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Falling In Love- A Writers Relationship With Their Words

Updated on June 7, 2017

Falling In Love With The First Draft

I have been thinking a lot about first drafts. Few things compare to the initial blind affection that writers almost universally feel for a completed first draft. Yet more important for the aspiring writer is recognising the changes, be they simply proof reading or more substantive story editing, that are needed to turn first drafts from raw product into a polished story which readers don't just want to read, but are happy to pay to read.

My own experiences have demonstrated to me that many writers seem to have an obsession with first drafts and a deep and abiding dread of revision and editing. If you think about it this is more than a little strange. Re-drafting is the part that makes us appreciate our own characters more, it is where we argue with our favourite creations, suffer great tragedies when we realise that the plot is twisting them into something else, or get blessed by wondrous epiphanies when plot and character move in sync to make our story a little more real. Writing is a little like a relationship with all the same highs and lows that can be found (and often the same amount of dysfunction).

There is no doubt that to most of us the first draft is the most exciting. It is where ideas spurt out and a story begins to take form. Characters who have been hovering in your subconscious suddenly walk onto the paper (or screen) and you feel you are starting to get to know them in a tangible way. The first draft is the honeymoon period of the relationship and for many writers, would be Casanova’s, it ends there (and sometimes you only get a one night stand – the unfinished first draft). The writer has enjoyed the exciting first weeks of the relationship and once the passion fades they look for pastures new, never returning to the draft and eventually they forget about it, leaving it forever unpublished.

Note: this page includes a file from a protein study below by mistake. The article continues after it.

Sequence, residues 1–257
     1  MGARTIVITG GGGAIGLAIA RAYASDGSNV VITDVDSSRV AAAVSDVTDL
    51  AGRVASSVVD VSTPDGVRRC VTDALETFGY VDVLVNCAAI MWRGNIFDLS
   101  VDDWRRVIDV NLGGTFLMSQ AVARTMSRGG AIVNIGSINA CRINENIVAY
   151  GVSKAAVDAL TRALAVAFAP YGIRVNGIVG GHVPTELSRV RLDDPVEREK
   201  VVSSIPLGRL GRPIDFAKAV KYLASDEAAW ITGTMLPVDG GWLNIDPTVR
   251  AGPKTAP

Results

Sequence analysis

Ediit, edit, edit...


In the Words of Rusch

When I write fiction, I am constantly struggling to improve my craft enough to get what’s in my head on the page, every single time.

Failure is an option. If the manuscript doesn’t work, I redraft—in other words, I throw out everything I did and try again. Yes, that means I write sometimes two or three times more material than the readers will see in print. And yes, that means I sometimes toss out more material than I publish.

I figure it’s the price I pay to tell the story I want to tell.

Kristine Kathryn Rusch - taken from The Business Rusch - Where Art Meets Commerce

Love Those Words


Getting Committed

Those writers who can commit a little more long term get to the stage where they can see things that need working on, the writing equivalent of the partner who leaves the toilet seat up or who is too clingy (remember, never be precious over your words, if it doesn’t work - cut it!). You see plot holes, character inconsistencies and you can go to work tweaking the story. Looking deeper, you see sentences which are working too hard or, worse still, not working at all. Some of these sentences you love dearly but you know that change is needed, like when you want to sit up late at night in your underpants watching ‘b’ movies but your new live-in partner has work in the morning and needs to be fresh for the big meeting. You need to change your ways. Editing is like that, but with words.

Over time in a relationship both parties change and, again, this is the same with editing. As you make changes to your work it changes but also it gives you new ideas and new directions – the product when you are finished may not resemble the initial idea in anything other than concept. Yet you will be content with it. You will still see things that you want to change but you will reach a point where you no longer feel the need to change anything - it may not be perfect but it works.

And finally, after many trials and tribulations and no few tears, you will be ready to settle down properly and send it to a publisher (or get married if we are going to carry on the metaphor) hoping that the work has what it takes to pass the test of time and get turned into print.

Getting Hitched

Editing, like relationships, is hard work but usually you get out what you put into it. The more time you are prepared to spend on your work the better it is likely to be.